Have your liquids (3.4 oz or less) in a clear plastic zip-locked bag ready to remove for security. If you forgot your bag, they sometimes have them available.

Checking in

It takes time to check in, check baggage, and clear security, so arrive at least two or three hours before your flight. Also, give yourself enough time to return a rental car or take a shuttle to the airport.
Start with finding the departures area. If you forget the words, look for the symbol which shows an airplane taking off or landing. Check the flight status on the television screens to see if your flight has changed. This is especially important during the winter and summer storm seasons.
Next, find your airline check-in counter. Have your boarding pass (if you printed it) and reservation number as well as your passport ready. If you are checking a bag, go to the counter. If you do not have bags to check, you can use a check-in kiosk. Sometimes you have to take a train to get to your gate. Follow the signs; they are clearly marked.
Navigating an American airport for non-English speakers
This is an Amsterdam airport but the language and signs are similar!


Be prepared to stand in a long line! You will need to remove your coat and belt. Some airports require you to remove shoes and jewelry. You can do this while you wait so that you don’t take too long when it’s your turn. Take your laptop (if you have one) and place it in a separate bin.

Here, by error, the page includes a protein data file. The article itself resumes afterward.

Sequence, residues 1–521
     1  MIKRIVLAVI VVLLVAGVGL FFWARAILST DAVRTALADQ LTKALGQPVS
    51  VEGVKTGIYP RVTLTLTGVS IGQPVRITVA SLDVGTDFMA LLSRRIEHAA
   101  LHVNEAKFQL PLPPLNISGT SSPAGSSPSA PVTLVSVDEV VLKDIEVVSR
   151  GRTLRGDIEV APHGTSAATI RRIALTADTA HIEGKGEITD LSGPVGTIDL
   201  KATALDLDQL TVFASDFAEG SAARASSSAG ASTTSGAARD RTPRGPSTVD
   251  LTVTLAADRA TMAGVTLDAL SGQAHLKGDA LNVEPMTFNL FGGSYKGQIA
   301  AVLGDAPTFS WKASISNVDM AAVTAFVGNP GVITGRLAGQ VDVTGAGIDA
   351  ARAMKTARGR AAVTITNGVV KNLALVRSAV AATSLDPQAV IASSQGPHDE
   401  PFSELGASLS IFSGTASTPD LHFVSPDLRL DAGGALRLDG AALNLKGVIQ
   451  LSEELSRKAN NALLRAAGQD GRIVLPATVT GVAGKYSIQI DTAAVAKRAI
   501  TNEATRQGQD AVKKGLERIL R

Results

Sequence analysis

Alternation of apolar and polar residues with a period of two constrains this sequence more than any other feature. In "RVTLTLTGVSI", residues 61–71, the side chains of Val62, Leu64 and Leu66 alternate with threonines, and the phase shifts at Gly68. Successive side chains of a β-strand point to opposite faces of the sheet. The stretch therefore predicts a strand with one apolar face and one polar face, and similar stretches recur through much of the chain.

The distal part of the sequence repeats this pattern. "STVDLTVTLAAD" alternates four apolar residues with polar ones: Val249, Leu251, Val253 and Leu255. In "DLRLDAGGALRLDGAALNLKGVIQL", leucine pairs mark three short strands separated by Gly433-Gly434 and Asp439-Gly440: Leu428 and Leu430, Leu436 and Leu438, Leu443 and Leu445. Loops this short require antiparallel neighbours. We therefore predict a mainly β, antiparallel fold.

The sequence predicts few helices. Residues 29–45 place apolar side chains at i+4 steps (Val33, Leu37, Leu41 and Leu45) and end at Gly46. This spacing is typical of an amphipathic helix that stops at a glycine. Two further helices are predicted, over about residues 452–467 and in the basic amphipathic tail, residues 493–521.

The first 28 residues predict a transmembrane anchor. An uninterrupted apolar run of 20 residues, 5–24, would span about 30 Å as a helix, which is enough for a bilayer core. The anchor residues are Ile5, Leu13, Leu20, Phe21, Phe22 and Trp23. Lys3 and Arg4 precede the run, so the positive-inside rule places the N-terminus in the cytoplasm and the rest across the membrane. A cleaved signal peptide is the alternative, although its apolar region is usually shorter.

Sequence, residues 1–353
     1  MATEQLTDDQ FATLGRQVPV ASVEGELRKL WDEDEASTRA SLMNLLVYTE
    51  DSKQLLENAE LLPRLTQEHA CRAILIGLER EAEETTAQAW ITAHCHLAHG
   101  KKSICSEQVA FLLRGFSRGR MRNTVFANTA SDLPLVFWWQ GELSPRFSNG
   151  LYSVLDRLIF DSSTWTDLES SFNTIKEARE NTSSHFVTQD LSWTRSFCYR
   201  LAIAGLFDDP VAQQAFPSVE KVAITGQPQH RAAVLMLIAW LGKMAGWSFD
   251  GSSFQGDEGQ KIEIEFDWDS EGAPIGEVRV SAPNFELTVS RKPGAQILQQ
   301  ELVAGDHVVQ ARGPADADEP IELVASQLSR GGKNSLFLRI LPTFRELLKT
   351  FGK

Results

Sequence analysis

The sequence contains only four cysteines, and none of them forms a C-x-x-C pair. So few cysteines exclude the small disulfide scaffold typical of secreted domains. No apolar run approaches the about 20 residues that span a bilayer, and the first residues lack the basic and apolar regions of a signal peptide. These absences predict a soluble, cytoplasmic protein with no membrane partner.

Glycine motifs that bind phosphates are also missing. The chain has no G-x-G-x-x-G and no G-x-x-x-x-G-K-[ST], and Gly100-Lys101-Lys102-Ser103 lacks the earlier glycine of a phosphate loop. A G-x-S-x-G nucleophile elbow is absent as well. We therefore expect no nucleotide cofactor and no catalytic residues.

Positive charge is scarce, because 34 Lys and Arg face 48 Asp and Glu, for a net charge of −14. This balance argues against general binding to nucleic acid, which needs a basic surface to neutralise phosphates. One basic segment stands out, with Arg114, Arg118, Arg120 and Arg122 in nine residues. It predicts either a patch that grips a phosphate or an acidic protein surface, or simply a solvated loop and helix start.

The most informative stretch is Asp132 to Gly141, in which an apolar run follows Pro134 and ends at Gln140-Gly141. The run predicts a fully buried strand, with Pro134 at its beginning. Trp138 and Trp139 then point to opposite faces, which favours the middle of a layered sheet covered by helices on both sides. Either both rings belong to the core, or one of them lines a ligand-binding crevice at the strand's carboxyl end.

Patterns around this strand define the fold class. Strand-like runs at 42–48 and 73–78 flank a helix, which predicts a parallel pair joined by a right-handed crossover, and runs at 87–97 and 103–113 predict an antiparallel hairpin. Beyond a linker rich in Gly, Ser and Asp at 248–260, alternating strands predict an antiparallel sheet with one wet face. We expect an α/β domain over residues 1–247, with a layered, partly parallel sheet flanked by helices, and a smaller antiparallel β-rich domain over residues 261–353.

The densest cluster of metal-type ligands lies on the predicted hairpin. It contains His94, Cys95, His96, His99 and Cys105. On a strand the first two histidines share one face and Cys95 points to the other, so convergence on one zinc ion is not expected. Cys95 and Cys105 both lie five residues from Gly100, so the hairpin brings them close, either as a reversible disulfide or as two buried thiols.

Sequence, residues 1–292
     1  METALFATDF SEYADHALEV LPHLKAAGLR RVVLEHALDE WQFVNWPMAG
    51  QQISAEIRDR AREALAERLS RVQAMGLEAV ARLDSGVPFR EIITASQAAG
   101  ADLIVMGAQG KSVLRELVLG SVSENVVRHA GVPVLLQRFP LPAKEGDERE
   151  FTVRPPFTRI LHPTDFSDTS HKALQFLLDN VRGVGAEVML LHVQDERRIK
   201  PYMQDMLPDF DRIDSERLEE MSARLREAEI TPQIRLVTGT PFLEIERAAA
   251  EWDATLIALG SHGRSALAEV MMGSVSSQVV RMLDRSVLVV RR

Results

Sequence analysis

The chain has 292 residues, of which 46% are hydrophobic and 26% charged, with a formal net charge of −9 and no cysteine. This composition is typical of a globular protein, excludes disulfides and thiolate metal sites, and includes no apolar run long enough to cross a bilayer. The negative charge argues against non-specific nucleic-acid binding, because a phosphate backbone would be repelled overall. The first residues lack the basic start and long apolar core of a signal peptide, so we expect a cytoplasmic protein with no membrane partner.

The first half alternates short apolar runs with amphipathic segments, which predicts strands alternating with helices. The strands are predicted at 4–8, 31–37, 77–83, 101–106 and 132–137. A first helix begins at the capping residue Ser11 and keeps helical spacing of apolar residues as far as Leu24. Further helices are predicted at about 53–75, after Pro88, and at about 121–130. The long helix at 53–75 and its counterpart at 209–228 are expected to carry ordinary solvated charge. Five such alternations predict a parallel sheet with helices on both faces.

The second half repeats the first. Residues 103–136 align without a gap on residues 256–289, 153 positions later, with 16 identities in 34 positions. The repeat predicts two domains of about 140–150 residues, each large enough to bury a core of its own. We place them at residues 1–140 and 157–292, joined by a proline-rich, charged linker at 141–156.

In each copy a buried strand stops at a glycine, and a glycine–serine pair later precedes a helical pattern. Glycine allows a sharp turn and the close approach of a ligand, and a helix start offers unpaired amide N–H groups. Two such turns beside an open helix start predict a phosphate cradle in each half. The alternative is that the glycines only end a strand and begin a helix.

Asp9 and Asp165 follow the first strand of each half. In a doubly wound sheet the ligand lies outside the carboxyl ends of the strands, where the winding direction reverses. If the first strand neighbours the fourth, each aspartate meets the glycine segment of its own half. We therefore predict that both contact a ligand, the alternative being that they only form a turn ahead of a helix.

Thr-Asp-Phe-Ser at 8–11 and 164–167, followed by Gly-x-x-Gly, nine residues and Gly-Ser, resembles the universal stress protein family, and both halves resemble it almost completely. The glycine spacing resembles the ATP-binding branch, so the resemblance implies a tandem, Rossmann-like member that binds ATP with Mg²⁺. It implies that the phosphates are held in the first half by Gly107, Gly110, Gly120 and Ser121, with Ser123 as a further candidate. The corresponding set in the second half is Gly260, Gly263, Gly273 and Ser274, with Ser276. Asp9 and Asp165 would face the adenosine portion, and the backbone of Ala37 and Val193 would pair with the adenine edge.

Buying water can be expensive at an airport. You can bring an empty bottle with you as well as snacks. When you make it through, step aside to collect your items. The only thing left is to follow the signs to your gate!
If you’re late, stay calm. There is usually an airline employee standing at the check-in line. You can say, “Excuse me, I’m late for my flight. It’s scheduled for xx time.” They will usually help you get to the front of the line. Do the same thing when you get to security. They may find you a shorter line. Make sure to thank the people who help you and then run as quickly as you can to your gate. If you miss the flight, ask the first person you find for help. You can say something like, “Excuse me, I missed my flight. Can you tell me where to go?”

When you arrive

When arriving in the U.S. from an international location, follow the signs to baggage claim. Look for the screens that show the flight and belt numbers (the machine that moves luggage). Collect your bags and go to Immigration/Customs. If you’re international flight changes airlines, find out if your baggage needs to be re-checked with the next airline.
When you get to your final destination, don’t hesitate to ask for help. They can tell you how to get to your hotel. Most people at the information desk speak more than one language.
 Navigating American airports for non-English speakers
Look for an information desk if you have any problems!

Lost luggage

Finding your way around an airport and flying doesn’t have to be stressful. Give yourself enough time, plan ahead, and enjoy the adventure. To find out what to do if you lose your luggage, read our blog: Lost luggage.